New Year – New Thinking

Dan Miller —  December 28, 2012 — 48 Comments

1. How do rich people think?
2. Is money the root of all evil?
3. Can we really have it all?

Additional Note: What Rich People Think

  • Andy

    The comments you read in this podcast are incredulous. It amazes me that people place so much “blame” on the wealthy instead of taking personal responsibility for their actions, or lack of actions, which are a result of their thoughts. Great topic!!

    • 48DaysDan

      Andy – yep it’s pretty sad to see them talk themselves into continuing their same miserable lives. Thanks for your comments.

  • Lyndon Dunbar

    Great podcast! Thanks for sharing about the views of becoming wealthy. I really agree with your views on this topic. I look forward to your podcast weekly. Please bring back the success stories to the podcast!

    • 48DaysDan

      Lyndon – thanks for your comments. There is so much to share in a 48 minute podcast – I’m constantly thinking about new elements.

    • 48DaysDan

      Lyndon – thanks for your comments. I always tweaking what to share in those precious 48 minutes each week. I won’t forget the success stories.

  • Brad McCullouch

    Great PC at the perfect time of year.

  • ravenburnes

    Dan, thank you so much for airing this podcast. I listened to it twice back to back. I was happy to hear that I have “rich people thoughts”, although I grew up in a poor household and am poor (financially) right now after having “lost it all” a few years ago. I am very optimistic by nature and am certain I will not remain poor forever. Unfortunately, however, I do recognize some of the “poor” attitudes of people around me. My goal is to maintain a life-enhancing, money-attracting mentality and to avoid the miserable attitudes of the people whose comments you read (how awful were those!!?). Envy and hate are so ugly and self-destructive – and blame doesn’t pay the bills. So thanks again for the podcast!

    • 48DaysDan

      Raven – oh I love that line – “blame doesn’t pay the bills.” Keep having those rich people thoughts. The reality will catch up with you!

  • Christopher Battles

    Reading Zig Ziglar’s autobiography and I am still in his childhood years and how he and his family are in the middle of rising from the poor.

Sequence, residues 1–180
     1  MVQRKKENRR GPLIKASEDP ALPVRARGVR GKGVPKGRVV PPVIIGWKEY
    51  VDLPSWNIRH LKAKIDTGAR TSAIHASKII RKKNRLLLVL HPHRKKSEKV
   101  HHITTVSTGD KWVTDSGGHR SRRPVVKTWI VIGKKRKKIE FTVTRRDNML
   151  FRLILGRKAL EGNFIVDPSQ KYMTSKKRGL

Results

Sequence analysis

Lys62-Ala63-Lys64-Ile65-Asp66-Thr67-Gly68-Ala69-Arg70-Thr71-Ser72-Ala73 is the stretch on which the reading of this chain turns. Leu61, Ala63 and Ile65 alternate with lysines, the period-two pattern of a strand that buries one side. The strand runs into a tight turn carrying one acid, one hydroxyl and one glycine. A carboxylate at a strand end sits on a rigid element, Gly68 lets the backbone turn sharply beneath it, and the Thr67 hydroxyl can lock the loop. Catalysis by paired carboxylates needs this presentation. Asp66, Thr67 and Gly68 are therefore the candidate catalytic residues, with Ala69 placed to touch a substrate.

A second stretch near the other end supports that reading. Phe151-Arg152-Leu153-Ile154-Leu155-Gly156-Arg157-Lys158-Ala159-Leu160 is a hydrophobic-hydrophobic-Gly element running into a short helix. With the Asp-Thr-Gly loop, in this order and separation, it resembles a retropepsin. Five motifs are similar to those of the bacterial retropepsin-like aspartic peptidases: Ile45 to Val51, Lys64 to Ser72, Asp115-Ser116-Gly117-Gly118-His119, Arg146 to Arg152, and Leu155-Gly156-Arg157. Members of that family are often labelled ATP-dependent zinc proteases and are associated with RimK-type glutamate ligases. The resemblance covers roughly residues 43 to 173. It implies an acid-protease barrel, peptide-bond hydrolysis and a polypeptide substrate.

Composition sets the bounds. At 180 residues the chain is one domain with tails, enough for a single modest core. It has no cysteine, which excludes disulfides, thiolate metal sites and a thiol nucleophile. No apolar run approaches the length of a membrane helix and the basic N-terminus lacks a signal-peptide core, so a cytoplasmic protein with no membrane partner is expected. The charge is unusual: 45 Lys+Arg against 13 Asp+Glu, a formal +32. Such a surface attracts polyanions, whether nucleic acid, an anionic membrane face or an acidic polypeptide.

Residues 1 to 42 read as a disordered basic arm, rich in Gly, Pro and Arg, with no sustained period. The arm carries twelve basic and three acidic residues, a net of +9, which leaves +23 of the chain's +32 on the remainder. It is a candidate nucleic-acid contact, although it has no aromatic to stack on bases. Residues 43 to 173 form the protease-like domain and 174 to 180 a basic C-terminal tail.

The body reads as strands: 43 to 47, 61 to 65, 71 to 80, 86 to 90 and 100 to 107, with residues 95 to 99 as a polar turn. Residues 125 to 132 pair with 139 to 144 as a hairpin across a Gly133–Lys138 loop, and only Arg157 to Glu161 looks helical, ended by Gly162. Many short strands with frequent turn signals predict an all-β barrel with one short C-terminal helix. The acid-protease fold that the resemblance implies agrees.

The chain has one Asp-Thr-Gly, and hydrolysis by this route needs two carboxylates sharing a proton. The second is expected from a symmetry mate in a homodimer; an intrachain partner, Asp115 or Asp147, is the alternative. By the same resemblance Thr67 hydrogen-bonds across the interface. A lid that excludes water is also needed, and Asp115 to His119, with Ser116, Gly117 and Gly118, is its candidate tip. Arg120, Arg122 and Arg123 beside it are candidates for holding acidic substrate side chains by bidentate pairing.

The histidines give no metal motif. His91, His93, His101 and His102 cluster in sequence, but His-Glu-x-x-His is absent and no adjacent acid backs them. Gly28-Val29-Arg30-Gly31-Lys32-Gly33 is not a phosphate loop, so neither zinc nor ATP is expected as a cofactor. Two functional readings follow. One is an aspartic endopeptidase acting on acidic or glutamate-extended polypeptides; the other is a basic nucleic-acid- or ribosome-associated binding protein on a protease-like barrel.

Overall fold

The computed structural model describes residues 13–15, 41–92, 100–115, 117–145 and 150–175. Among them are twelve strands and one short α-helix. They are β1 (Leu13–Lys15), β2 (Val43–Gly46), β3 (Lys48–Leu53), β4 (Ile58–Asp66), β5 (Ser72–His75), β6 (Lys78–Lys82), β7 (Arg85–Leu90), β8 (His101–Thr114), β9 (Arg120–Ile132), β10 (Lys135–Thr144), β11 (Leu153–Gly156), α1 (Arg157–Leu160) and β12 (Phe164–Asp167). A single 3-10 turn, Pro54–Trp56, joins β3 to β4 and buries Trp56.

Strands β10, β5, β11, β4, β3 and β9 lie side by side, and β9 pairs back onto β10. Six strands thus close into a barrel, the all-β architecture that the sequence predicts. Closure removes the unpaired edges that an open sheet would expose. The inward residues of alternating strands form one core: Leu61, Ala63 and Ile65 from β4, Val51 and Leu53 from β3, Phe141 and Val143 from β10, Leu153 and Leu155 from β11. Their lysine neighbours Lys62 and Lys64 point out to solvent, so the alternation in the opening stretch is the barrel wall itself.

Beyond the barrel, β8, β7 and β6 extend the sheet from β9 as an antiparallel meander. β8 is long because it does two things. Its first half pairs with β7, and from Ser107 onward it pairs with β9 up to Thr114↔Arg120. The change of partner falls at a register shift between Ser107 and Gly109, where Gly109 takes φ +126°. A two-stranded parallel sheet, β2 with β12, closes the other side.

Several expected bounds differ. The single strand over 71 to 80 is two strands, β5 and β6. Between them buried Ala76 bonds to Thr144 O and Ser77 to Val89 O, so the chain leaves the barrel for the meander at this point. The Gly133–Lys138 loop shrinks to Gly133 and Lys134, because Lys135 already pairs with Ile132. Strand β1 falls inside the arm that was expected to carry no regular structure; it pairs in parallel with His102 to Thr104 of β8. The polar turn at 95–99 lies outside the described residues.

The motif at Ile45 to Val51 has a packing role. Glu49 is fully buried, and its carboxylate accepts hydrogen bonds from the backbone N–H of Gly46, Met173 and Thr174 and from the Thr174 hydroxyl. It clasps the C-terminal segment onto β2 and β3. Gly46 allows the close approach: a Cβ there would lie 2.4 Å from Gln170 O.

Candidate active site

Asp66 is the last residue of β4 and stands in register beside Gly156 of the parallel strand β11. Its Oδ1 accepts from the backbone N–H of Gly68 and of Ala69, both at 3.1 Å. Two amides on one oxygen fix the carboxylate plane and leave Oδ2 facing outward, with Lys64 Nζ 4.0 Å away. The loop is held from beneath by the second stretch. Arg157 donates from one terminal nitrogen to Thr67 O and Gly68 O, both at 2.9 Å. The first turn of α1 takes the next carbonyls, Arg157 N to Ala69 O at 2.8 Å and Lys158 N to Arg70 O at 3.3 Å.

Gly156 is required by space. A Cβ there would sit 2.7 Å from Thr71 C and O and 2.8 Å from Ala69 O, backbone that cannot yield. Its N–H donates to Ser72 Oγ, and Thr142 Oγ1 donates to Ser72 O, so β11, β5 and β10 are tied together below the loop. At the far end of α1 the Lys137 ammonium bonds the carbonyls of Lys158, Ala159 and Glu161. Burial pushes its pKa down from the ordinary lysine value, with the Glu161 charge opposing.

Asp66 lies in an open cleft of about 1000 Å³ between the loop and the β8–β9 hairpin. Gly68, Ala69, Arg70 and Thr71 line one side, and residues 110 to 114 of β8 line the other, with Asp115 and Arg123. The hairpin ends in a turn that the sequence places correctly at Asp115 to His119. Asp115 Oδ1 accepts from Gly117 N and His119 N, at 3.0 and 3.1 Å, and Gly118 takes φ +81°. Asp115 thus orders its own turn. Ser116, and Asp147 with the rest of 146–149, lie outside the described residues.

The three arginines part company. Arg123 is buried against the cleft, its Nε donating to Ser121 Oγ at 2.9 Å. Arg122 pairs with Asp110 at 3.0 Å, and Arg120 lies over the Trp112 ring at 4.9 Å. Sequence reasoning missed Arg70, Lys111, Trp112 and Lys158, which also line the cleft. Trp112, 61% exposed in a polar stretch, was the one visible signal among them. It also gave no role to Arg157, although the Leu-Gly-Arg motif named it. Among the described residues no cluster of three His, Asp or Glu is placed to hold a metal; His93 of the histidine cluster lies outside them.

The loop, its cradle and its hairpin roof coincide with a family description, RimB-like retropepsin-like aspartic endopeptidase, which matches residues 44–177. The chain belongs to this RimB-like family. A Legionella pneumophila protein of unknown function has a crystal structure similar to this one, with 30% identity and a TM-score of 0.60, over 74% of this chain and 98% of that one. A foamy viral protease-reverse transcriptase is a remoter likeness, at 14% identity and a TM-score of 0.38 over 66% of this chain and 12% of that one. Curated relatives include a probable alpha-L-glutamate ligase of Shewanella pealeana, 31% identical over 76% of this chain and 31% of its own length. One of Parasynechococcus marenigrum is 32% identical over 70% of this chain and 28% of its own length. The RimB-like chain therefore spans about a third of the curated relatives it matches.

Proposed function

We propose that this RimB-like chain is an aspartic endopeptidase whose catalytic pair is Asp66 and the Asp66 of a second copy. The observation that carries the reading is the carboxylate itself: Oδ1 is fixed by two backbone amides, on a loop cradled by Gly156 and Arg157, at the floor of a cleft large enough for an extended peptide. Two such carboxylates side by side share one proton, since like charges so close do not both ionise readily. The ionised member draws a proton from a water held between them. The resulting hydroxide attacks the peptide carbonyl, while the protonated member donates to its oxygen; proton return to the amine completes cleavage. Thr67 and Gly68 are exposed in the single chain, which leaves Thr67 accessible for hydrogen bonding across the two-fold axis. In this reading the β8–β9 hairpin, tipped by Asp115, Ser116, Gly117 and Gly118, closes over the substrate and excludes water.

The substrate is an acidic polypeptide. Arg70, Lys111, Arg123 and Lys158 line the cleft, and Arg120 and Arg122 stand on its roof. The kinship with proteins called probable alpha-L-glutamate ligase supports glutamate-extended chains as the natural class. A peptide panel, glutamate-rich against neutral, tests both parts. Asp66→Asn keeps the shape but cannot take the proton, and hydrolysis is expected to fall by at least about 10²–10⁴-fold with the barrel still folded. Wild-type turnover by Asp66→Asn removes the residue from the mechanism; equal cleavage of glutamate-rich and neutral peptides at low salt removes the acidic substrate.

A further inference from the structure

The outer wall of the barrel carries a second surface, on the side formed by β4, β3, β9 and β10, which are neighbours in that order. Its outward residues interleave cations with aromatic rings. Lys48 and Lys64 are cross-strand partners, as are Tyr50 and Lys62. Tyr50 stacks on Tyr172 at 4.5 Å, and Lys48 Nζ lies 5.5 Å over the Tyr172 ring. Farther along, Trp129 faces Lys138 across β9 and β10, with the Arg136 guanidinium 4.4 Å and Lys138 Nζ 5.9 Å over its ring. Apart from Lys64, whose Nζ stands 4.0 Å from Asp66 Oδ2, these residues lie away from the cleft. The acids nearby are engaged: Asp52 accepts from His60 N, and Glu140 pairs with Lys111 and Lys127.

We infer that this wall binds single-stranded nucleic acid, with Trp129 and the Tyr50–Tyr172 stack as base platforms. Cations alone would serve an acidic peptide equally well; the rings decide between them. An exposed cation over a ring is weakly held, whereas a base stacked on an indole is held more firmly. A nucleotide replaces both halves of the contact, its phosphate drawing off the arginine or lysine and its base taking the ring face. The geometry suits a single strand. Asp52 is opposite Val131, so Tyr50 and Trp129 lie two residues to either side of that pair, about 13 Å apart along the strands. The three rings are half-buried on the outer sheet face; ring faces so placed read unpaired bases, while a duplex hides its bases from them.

The message you spoke here is something that should be taught so it would become common sense.
    Thank you Dan.

    K, bye

  • Dana Ewing Mays

    This podcast came at just the right time for me. Yesterday I posted a quote from Dave Ramsey on my Facebook. He had said in effect, Do poor people things and get poor people stuff. Do rich people things and get rich people stuff. I got some negative feedback. “Jesus was poor”, etc. I was not commenting at all on the merits of either poor or rich. I just quoted Dave. In the end I kept thinking about your wisdom to surround yourself with people you want to be like and unfriended this person. That was a big step for me, a person who struggles with worrying about what others think. Thank you for your work. My life looks totally different this year than it did last because of your book and your podcasts.

    • 48DaysDan

      Dana – thanks so much for your comments. I’m delighted your life is changing in a positive direction – something we all strive for. Keep doing the things rich people do and your reality will catch up with those actions. Expect a spectacular 2013!

  • JamesRio2016

    Awesome! Awesome! Awesome! Listening to this podcast reaffirms my belief that being successful in America is not a matter of chance it’s a matter of choice. Only those that choose to think differently will experience different-and better-results. It’s amazing that people will expend so much energy excoriating the rich but refuse to expend the same energy to take even the smallest step to better their lives. It’s easier to complain that to conquer. If the anti-rich really want to change the world for the better thay would do well to understand the power of wealth for the good it can do. I think Margaret Thatcher said it best when she expressed that without money the good samaritan would only have had good intentions. Another one from the former PM “Pennies don’t fall from heaven – they have to be earned here on earth”. You go Maggie!

    • 48DaysDan

      James – thanks so much for your comments – and sharing the input of other great thinkers – wow.

  • ajuflor03

    Dan, I loved the podcast. I grew up in a poor home with a father that had a poor mentality. He preached that because of the “system” that we were not able to get ahead. I later realized that this excuse kept us where we were. He hated his work everyday and hated his boss because he was successfull. I went off to college, earned an engineering degree and went to work for a big company in a technical field. I start my career the same way; hating my bosses because they were successfull. I got nowhere in my career for many years. As I continued my walk with the Lord, He taught me that I should work as though I was working for Him. Also, if we are faithful over little He will make us ruler over much. I changed my attitude towards work; I started being excellent at my job. I turned off the T.V. and began reading book after book by great leaders such as Zig Ziglar; Dave Ramsey and Daniel Lappin. What happened after that point was amazing. I went from making 90k/year as an engineer to 200k/yr as a sales person. I was promoted because my boss saw my work ethic and my dedication to excellence and they trusted me with a sales position. The culuture at my company is to serve the customer. I have done exactly that. I get to serve my customers with excellence and in return I get rewared with little green certificates of appreciation and lots of them. I will be worth 500k by the end of 2013 and will be worth 1 million in the next 4 years. How do I know that? Because I don’t live for the moment. I am always planning 5-10 years ahead and the numbers speak for themself. I will be a first generation millionaire and proud of it. Dan Miller books are also next on my list to help me get to the next level by starting my own business and become richer even quicker. Just an FYI….my wife and I also teach bible school and are involved in other charities so we are givers not takers. Also, my lifestyle has not increased one bit with the increased salary. My two cars are on average 9 years old.